Face it. A half-marathon or a marathon is a long way. Pacing yourself evenly throughout the race is the fastest way to the finish line. Guaranteed. But most importantly, you need the endurance and the patience to cover the distance. Running at 60-75 percent effort on most days will extend your aerobic endurance. With aerobic endurance you can teach yourself to pace accordingly on race day.

Think about it in these terms: Let’s say you have to drive 13.1 miles one way to work each day. Would you get there on time if you had to get out and push your car the last half mile or so? Veering out of that aerobic zone and going too fast on your easy days will rob gas outta your gas tank. Our bodies are not equipped with a visible fuel gauge. It won’t be apparent that you are out of gas until the moment you realize you are. You wouldn’t want to show up at work looking like you had to push your car a half mile to get there. Don’t do that to yourself on race day either!

60-70 percent effort is CONVERSATION pace

60-75 percent effort is important. You’ll know you’re there when you cover miles upon miles chatting, laughing, giggling, singing – and breathing deeply – as you run. Those runs when you feel as though you really aren’t doing much, but the miles just roll by. Those easy – seemingly effortless – days provide lots of oxygen and fresh blood flow to your muscles, tendons and joints. It’s like taking a long aerobic bath with your running buddies. Your body loves that stuff! Keep your easy long runs easy!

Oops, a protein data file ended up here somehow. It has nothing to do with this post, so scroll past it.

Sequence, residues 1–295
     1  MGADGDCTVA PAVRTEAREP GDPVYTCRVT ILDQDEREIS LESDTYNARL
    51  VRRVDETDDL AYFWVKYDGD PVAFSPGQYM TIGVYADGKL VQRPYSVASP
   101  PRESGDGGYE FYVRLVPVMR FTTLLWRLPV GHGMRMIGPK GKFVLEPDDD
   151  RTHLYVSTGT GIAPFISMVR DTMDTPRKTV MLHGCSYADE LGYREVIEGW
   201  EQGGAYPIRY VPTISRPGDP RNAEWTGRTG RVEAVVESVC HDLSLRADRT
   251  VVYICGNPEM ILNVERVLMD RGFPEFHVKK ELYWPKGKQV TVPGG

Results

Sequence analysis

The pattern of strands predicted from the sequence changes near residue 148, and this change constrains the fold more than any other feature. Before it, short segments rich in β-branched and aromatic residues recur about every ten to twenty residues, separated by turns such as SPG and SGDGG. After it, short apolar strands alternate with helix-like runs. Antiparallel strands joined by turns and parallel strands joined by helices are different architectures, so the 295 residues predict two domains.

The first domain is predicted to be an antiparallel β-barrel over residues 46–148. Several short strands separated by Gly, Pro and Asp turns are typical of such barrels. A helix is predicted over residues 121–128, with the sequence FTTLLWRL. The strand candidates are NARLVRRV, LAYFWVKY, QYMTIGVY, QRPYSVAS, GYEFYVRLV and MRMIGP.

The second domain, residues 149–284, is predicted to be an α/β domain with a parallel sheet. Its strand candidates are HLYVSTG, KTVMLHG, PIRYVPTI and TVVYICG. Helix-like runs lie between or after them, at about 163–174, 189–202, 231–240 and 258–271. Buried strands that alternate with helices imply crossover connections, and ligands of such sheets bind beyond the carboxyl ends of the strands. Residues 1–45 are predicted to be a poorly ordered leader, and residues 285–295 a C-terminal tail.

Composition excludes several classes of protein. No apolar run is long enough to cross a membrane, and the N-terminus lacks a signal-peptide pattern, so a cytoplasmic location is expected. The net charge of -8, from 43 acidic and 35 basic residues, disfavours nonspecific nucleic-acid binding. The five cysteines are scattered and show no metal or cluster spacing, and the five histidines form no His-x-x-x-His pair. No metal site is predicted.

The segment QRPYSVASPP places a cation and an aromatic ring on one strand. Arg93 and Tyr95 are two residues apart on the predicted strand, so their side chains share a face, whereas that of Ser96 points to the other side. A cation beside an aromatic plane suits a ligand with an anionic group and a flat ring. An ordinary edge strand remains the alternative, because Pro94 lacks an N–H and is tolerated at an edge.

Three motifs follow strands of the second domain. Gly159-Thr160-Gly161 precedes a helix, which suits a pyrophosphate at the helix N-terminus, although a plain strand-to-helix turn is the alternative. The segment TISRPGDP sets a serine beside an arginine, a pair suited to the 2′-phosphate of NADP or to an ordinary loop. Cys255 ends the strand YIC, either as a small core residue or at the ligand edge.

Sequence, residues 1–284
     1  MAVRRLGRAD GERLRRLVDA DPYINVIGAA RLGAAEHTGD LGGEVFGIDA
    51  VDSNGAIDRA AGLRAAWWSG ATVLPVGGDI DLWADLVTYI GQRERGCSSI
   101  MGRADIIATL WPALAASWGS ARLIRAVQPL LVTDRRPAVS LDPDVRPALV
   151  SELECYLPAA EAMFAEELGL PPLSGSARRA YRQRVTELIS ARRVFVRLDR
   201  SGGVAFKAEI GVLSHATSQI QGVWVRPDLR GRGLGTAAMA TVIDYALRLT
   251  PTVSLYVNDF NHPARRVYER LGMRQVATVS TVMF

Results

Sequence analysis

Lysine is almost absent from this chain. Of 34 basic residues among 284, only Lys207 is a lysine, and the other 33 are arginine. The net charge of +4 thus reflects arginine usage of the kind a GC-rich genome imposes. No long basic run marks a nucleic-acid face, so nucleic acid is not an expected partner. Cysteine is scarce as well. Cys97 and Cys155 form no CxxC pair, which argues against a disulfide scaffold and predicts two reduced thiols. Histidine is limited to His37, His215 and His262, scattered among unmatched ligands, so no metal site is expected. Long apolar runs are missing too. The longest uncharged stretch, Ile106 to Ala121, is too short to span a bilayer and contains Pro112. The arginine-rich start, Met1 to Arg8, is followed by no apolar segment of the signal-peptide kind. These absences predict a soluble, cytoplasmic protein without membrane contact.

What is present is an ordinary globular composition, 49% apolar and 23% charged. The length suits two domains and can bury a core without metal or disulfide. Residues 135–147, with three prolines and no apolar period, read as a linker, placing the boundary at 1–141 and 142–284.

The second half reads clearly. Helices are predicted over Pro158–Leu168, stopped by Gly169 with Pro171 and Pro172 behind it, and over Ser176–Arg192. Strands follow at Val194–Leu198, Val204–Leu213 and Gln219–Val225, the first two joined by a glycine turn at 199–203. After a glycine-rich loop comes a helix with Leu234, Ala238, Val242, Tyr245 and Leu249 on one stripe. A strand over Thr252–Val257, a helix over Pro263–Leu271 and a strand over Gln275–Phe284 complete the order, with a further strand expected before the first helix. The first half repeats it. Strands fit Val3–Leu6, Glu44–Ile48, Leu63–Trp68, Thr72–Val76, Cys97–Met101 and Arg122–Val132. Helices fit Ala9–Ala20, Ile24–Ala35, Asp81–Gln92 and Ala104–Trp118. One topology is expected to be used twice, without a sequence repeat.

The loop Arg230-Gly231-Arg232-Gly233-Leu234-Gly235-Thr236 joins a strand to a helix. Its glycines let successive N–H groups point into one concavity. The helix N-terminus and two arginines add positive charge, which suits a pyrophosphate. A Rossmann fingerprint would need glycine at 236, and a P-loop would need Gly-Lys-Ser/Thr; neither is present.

That’s why 60-75 percent effort is important too. If your goal is to run your best half marathon or marathon possible, most of your training days should be in this range. We follow this philosophy in our Team GFR Training Plans. Take a look at our training plans and join us.

Mar 282016

85 percent effort is important

85 Percent Effort Is Important

What does 85 percent effort mean and what’s the significance of that number?

If you have read running magazines, books on running, or any of the hundreds of websites offering running or training advice, you may have come across the following terms:

  • Tempo Runs
  • Anaerobic Threshold (A/T) Workouts
  • Threshold Pace
  • Lactate Threshold Pace
  • Sub-maximal effort
  • Cruise Intervals
  • vVO2Max Runs
  • Steady State Runs

In some of these more intense workouts you may see 85% as the suggested effort level. For the most part – without getting into minuscule technicalities – most of these terms represent essentially the same workout.  Over the last 40-50 years of research on long-distance running, most scientists have drawn fairly similar conclusions.  At this MAGIC pace (at either side of 85% of maximal effort) a lot of very special things happen to the human body.